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Surgical Neonatal Vomiting Jonathan Wells Bristol Children’s Hospital 2 nd August 2013.

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Presentation on theme: "Surgical Neonatal Vomiting Jonathan Wells Bristol Children’s Hospital 2 nd August 2013."— Presentation transcript:

1 Surgical Neonatal Vomiting Jonathan Wells Bristol Children’s Hospital 2 nd August 2013

2 Interactive Case studies Summary of specific surgical conditions

3 What is a neonate? What is preterm? What is term?

4 Definitions Neonate – premature and term babies less that 44 weeks post-conceptional age Premature neonate <37 weeks post-conceptional age Term neonate weeks post-conceptional age Post term >40 weeks post-conceptional age

5 History and Symptoms

6 Gestation Weight Antenatal history Colour of vomit Frequency of vomit Bowel opening Saliva? Associated co-morbidities

7 Physical Findings

8 Physical findings Observations Erythema and bruising Distended Scaphoid abdomen Mass Anus – site, size and patency Tenderness External genitalia – normal? Palpable testes? Inguinal hernia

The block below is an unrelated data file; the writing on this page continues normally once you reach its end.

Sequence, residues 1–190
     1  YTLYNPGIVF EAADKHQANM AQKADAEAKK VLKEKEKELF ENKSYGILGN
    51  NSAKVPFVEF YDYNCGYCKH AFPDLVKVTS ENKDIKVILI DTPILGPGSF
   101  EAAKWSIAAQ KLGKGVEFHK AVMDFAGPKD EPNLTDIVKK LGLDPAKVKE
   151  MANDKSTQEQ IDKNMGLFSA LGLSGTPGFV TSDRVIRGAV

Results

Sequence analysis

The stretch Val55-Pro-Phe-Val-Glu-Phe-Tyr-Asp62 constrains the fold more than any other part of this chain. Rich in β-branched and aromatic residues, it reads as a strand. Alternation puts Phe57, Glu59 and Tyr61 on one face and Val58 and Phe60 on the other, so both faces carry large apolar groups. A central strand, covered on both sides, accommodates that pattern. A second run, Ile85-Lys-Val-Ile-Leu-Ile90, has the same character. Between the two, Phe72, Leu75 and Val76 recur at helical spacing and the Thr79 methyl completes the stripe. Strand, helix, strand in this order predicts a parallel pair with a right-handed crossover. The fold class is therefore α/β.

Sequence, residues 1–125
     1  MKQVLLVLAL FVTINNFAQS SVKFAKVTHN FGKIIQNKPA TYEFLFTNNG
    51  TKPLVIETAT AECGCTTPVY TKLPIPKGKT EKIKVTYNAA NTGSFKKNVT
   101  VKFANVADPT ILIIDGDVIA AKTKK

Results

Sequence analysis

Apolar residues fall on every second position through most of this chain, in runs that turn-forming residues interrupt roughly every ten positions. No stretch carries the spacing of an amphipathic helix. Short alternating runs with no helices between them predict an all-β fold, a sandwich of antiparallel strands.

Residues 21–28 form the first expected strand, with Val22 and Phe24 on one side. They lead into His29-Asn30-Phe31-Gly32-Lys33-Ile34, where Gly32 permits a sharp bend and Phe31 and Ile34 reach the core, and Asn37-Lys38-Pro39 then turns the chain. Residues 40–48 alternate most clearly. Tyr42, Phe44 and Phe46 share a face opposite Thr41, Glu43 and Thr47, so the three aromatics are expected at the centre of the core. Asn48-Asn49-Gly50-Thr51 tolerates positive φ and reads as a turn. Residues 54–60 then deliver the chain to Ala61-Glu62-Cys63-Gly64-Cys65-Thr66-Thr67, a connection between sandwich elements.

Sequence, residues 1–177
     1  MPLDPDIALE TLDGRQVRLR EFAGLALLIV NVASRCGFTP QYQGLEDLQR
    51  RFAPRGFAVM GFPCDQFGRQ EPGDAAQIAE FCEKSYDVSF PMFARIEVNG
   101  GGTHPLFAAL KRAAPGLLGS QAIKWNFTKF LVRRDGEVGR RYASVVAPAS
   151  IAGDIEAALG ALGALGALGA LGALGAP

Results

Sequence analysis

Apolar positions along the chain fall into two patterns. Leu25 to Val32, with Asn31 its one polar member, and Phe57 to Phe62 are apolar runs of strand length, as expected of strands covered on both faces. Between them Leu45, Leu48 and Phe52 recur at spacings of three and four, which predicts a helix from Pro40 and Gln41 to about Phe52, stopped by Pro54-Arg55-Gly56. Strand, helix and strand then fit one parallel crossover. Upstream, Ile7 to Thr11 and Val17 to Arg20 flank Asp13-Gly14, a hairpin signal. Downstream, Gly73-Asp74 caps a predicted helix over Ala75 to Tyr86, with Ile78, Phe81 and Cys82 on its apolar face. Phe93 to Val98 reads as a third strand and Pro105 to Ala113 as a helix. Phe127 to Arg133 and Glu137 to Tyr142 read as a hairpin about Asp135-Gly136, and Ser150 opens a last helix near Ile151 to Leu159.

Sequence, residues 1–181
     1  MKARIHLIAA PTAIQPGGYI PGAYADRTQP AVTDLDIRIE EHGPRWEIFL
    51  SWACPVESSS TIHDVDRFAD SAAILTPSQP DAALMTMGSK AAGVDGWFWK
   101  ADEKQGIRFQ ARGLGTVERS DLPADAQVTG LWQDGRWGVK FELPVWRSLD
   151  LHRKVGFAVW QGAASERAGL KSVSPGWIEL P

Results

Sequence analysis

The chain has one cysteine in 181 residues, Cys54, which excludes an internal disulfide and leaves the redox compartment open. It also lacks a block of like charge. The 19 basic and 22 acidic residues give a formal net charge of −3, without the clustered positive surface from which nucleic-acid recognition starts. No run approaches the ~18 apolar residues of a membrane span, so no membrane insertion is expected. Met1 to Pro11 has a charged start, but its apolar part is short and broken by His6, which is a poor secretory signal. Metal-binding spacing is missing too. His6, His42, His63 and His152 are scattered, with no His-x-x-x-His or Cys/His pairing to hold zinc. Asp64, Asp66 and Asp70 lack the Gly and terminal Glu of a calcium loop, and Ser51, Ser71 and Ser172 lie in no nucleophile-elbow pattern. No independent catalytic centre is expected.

9 Investigations Plain AXR/CXR Upper/Lower GI contrast Abdominal USS

10 Case 1 Term neonate 1 day old Vomiting Relevant points in history Relevant examination findings Differential diagnosis

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12 Oesophageal atresia and tracheo- oesophageal fistula 1 in 3500 liveborn births Antenatal – Polyhydramnios, absent stomach, associated anomalies Salivation, cyanosis on feeding Inability to pass NGT Associated anomalies: – Vertebral – butterfly vertebra, rib anomalies – Anorectal – Cardiac – Tetralogy of Fallot, AVSD, ASD, VSD etc – Tracheo-oesophageal fistula – Esophageal atresia – Renal – dyeplasia, agenesis and other defects – Limb – radial ray defects

13 Classification Type A: 8%, Type B: 1%, Type C: 86%, Type D 1%, Type E: 4%

14 Repair Right thoracotomy (usually) 4 th or 5 th intercoastal space Extrapleural approach +/- division of azygous vein Identification of TOF Transfixion and division Identification of upper pouch End to end full thickness anastomosis Transanastomotic tube +/- post op contrast study